The federal government will soon ‘unpause’ its disembowelling of the Future of Financial Advice legislation, and the word from the industry is that there will be virtually no change.
It looks like the hopes of the Financial Planning Association and consumer groups that Finance Minister Mathias Cormann would rethink his craven capitulation to the banks in the fruitless pursuit of lower costs for savers will be dashed.
Government staffers are advising that the client opt-in requirement will be binned, as planned, sales commissions will be reintroduced for general advice, the general requirement to act in the best interests of clients will be ditched and, worst of all, advisers will be allowed to limit the scope of their advice by agreement with clients, allowing them to only advise on (ie sell) their employers’ products.
It will be a bleak, inglorious day in a couple of weeks when the Coalition re-exposes the savings of Australians to total loss due to commissioned sales masquerading as financial advice, but there is an opportunity for the Finance Minister to redeem himself to a small extent, if he wants.
He should float Medibank Private using a transparent on-market bookbuild, instead of handing it to the banks.
The nation’s investment banks have completed their pitches for the $4 billion job, and the government and its adviser Lazard Australia have chosen three: Deutsche Bank, Macquarie and Goldman Sachs.
It’s understood Lazard and Mathias Cormann have driven a hard bargain -- getting the lead managers’ fees down to less than 1 per cent, compared with the usual 2-2.5 per cent.
Normally the three investment banks would run a private bookbuild process in which their favoured institutional clients would bid for stock to set the price, which would then determine the price of the retail portion of the float.
A new company called On-Market Bookbuilds, launched last October with the support of the ASX, offers a fully transparent on-market process for pricing placements and Initial Public Offerings. The government should use this platform to sell Medibank Private.
So far there have been five relatively small IPOs and placements totalling $100 million under the on-market bookbuild system, which have established that it works.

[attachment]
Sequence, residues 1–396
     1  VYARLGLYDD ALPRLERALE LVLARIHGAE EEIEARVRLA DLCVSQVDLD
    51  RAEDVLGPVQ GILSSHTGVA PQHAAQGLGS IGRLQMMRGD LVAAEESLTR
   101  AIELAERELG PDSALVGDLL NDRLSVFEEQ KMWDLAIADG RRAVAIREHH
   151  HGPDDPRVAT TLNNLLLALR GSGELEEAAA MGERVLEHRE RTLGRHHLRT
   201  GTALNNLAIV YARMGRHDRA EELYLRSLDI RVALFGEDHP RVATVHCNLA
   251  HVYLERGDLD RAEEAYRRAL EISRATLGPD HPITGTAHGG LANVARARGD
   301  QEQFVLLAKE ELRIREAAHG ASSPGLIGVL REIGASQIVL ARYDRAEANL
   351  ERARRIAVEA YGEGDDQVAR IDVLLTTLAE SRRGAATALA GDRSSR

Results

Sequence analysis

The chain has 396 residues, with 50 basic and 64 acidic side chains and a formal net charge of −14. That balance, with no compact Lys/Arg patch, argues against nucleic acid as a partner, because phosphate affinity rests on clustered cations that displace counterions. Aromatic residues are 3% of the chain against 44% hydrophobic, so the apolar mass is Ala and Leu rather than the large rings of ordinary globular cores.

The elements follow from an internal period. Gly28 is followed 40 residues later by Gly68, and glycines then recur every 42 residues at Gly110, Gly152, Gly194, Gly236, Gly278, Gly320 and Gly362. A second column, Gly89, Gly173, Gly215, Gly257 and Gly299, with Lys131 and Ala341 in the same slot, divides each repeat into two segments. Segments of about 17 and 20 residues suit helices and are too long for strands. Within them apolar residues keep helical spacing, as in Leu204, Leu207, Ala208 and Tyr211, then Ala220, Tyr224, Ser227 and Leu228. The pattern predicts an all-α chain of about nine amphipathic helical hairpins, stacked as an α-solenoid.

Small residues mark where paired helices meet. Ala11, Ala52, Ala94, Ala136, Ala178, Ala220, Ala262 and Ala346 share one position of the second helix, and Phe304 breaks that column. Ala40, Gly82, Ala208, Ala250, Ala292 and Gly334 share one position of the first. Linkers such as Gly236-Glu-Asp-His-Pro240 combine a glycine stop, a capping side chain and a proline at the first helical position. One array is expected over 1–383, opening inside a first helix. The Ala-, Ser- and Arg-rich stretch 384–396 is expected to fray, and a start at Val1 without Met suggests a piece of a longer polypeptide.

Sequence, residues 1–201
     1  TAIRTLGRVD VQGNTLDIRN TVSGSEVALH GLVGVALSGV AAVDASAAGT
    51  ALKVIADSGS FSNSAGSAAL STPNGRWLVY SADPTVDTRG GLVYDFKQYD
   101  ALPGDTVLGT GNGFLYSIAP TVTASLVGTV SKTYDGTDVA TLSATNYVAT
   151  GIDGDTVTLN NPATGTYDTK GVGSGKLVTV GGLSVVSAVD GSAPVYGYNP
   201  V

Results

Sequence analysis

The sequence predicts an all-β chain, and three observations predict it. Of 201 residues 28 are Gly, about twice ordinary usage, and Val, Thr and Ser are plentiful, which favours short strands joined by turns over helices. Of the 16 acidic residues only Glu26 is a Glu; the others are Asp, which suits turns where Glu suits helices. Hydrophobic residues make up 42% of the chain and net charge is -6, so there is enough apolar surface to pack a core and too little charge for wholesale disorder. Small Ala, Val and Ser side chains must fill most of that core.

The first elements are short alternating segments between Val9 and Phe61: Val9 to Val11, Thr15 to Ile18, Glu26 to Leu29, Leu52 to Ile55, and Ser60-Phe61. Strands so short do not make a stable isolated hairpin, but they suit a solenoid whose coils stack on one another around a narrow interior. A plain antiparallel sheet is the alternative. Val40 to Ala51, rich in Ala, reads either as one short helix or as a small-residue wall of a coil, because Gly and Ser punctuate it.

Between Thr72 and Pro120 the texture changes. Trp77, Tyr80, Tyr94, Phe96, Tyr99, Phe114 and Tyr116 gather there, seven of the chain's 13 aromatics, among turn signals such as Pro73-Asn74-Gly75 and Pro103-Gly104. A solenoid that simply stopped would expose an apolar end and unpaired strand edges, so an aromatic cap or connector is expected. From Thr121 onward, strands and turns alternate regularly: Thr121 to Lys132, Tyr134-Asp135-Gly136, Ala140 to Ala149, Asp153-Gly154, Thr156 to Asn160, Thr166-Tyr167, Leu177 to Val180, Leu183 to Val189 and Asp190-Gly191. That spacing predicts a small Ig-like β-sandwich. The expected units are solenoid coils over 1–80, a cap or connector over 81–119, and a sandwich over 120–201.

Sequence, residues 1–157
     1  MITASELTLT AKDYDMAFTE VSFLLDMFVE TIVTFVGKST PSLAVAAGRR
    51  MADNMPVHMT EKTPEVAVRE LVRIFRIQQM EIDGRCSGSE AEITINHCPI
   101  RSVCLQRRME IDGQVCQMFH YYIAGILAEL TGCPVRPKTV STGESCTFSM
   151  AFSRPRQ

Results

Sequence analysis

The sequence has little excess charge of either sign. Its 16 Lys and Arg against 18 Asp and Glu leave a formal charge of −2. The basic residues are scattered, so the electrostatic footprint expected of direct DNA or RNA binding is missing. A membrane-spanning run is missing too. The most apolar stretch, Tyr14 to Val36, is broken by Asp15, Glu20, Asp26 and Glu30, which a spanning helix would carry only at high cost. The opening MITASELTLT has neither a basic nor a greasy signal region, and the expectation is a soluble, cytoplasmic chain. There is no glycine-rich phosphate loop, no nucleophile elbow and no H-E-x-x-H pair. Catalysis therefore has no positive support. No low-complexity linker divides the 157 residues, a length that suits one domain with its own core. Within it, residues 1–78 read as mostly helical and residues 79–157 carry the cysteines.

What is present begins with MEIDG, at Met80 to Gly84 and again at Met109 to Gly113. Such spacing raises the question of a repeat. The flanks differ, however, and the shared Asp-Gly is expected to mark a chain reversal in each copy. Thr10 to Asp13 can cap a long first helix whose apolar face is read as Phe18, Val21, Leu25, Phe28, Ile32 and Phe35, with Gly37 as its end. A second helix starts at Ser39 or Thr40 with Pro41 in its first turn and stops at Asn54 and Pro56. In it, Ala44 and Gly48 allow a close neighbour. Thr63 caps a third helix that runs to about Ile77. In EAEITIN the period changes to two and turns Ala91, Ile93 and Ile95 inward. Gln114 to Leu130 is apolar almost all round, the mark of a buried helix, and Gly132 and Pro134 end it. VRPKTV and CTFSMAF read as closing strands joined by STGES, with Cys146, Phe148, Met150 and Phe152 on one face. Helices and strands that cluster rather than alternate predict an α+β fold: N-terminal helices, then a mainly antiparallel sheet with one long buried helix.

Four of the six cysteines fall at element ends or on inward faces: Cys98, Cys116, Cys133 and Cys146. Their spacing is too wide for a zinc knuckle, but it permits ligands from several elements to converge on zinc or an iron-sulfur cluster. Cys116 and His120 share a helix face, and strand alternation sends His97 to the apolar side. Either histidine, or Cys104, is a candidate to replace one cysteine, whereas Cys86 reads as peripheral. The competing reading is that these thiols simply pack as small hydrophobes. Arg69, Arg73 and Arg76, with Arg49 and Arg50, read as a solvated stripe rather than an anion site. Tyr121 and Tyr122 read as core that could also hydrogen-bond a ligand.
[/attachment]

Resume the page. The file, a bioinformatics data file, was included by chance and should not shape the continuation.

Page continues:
Unlike the normal off-market IPO processes, the ASX BookBuild facility is governed by the market integrity rules that apply to all secondary trading: fairness, transparency and efficiency.
Importantly, it ensures that anyone can participate in the IPO, not just the institutional clients of the lead managers. All are treated equally and transparently no matter which broker they use.
The Finance Minister should take note of the recent Royal Mail IPO in Britain, which turned out to be a political disaster because taxpayers were shortchanged by about £1.2 billion through a traditional off-market bookbuild.
The float was lead-managed by some of the most prominent banks in the world, but they completely misjudged the level of demand and the price jumped 38 per cent on its first day of listing.
Even worse, Lazard -- the British government’s adviser on the float, as it is here with Medibank Private -- was one of a group of cornerstone investors who sold their interest within weeks of the listing. Lazard scandalously made a profit of £8 million within a week.
If the ASX on-market bookbuild process is used for Medibank, that couldn’t happen because the government would set the price in light of the demand that comes into the book.
Using an on-market bookbuild to sell Medibank Private would transform the business of capital raisings in Australia.
Investment banks have been resisting the platform; indeed they have been heaping scorn on it because it gives them less control. If it were used for a retail float as big as Medibank Private, it could no longer be ignored.
Opening up IPOs in this way would only be a small step towards reversing the disheartening surrender to the banks inherent in the FoFA reforms, but it would be worth doing.